Sunday, September 13, 2009

Best Business Decisions Ever

I gave you the worst, and here are the best:

7. Andy Grove was the President of Intel when their business had grown on the back of memory chips. Seeing Intel's market share being lost to competition in Asia, Grove asked his CEO what the Board of Directors would do if Grove was fired and a new President was hired. The answer was that the new CEO would get the company out of the memory business, an idea that was inconceivable to the company's managers. So, Grove symbolically fired himself, and returned as a "new" CEO with a directive to move into a new business. That new business: semiconductor processors.

6. Ed Washburn franchises a couple of automotive businesses to his military buddies in Utah. Two thousand miles away, a self-made millionaire named Jim Hinman was working as an unpaid football coach in Maryland when one of his players bet him he couldn't make another million dollars. Hinman sent a representative to Utah, bought Washburn's automotive businesses, and created Jiffy Lube International.

5. A small electronics company called Computer Tabulation Recording Corporation decides they have good products but they need a more regal sounding name to accompany their expansion into Canada. Company President Thomas Watson decides the company new name will be International Business Machines--IBM.

4. At the turn of the century, Americans were thrifty (much like Mrs. Politics, to the benefit of yours truly). A bottle cap salesman recognizes the value of throwing something away after one use--the value being that customers keep coming back for more. So, King Camp Gillette invents and sells the disposable razor.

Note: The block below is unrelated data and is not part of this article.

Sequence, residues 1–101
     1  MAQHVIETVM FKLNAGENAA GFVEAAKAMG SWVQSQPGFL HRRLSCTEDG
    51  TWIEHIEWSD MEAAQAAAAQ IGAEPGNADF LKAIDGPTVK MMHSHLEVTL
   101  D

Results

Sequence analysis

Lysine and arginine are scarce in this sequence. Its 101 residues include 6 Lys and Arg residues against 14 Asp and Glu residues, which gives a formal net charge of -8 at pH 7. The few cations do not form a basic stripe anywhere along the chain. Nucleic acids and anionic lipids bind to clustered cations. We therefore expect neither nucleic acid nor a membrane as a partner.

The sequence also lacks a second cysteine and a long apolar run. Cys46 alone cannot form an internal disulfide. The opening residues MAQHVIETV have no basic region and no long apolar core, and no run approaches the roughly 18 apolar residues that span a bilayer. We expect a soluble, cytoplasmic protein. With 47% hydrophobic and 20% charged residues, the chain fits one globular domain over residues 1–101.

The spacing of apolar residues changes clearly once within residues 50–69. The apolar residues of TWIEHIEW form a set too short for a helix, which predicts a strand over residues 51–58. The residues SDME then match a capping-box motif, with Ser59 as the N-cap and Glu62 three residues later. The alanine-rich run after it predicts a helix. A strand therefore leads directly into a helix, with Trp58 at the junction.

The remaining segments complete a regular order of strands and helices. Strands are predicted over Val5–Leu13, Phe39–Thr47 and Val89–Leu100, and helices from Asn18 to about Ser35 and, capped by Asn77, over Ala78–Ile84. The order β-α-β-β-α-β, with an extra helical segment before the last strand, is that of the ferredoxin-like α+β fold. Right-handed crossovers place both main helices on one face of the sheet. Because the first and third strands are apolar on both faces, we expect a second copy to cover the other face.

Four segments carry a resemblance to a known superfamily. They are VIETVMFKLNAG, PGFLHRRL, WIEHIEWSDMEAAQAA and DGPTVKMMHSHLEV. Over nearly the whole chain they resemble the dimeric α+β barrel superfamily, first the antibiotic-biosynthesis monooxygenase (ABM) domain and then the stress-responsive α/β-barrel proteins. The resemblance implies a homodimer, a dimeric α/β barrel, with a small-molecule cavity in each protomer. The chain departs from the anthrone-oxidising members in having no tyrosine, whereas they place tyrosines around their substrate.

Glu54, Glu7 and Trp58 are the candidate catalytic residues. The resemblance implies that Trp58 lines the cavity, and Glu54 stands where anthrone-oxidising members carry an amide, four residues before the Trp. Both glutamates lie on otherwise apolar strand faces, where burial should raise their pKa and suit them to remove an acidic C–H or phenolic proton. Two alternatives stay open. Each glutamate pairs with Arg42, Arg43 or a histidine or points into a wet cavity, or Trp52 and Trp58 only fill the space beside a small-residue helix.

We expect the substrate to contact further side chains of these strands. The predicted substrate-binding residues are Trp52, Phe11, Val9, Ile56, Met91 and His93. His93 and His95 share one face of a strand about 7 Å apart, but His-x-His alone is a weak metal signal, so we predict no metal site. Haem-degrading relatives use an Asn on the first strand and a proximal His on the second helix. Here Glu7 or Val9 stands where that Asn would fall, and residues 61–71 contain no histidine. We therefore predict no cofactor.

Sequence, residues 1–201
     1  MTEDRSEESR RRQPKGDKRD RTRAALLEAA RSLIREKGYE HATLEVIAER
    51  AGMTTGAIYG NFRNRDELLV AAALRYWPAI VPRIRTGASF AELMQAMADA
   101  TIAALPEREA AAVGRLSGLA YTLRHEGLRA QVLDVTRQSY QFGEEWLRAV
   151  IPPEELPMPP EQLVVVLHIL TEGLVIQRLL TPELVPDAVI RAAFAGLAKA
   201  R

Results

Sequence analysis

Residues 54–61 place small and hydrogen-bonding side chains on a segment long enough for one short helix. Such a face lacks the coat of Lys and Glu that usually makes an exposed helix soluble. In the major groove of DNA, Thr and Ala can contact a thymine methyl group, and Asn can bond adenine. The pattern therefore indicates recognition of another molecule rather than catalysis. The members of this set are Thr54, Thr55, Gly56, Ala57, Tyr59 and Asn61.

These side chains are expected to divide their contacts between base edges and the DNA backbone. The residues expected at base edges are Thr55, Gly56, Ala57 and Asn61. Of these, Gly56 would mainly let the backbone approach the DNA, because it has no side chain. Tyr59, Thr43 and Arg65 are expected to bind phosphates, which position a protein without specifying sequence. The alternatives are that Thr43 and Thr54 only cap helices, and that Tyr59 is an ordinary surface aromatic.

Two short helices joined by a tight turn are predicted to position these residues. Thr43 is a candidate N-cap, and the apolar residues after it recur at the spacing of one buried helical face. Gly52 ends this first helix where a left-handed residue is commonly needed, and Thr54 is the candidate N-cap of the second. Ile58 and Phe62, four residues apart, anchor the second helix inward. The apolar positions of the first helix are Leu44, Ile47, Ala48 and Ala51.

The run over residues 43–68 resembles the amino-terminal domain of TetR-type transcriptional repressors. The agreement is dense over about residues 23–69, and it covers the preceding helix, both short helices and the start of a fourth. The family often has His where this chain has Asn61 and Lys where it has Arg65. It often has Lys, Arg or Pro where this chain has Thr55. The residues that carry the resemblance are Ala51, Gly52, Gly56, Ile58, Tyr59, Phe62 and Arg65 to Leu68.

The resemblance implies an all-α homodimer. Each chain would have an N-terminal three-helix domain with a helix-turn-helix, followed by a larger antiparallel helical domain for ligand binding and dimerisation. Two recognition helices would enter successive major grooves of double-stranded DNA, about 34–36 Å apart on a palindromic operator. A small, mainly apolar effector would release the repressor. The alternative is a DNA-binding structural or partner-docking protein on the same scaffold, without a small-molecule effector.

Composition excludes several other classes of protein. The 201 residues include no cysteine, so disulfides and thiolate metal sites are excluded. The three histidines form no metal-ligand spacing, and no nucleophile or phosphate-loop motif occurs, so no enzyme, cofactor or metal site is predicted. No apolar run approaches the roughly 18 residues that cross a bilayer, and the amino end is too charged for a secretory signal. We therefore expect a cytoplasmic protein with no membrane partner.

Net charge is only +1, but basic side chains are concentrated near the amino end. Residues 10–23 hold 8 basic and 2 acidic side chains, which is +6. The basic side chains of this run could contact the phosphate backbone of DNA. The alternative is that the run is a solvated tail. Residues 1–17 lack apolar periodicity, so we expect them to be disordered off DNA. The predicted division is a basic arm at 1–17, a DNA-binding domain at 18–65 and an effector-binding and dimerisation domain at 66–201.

3. Amadeo Giannini formed the Bank of Italy in the early 1900's with the philosophy that banks should serve the customers, not themselves. Offering loans as low as $10, this microcredit was a century ahead of its time. When fires blazed in San Francisco in 1906, Giannini decided to take all the gold from the bank's vault and hide it in his fireplace, enabling the bank to give loans 2 days later using for a desk a piece of wood on top of 2 barrels! The bank quickly became the biggest in the state, and today Bank of America is the biggest in the country.

2. Henry Ford, known as a great innovator but also a great asshole, decides to reduce hours in the workweek and double the salary of his workers to $5 a day. The move reduces Ford's 370% employee turnover rate, and marks the beginning of the idea that an employee-employer contract is more than just paying the employee the lowest wage possible.

1. The McDonald brothers opened their first restaurant in 1940, following a normal business model. Ray Kroc, a Multimixer Milkshake machine salesman, hoped to sell 1 milkshake machine to any given customer. The McDonald brothers needed 8 machines! Intrigued at how a restaurant could be so busy as to need 8 milkshake machines (each producing 5 milkshakes at a time), Kroc goes to meet the brothers. He convinces the brothers to sell him the McDonalds name and starts franchising food "factories" that amassed $28.8 billion in sales last year.

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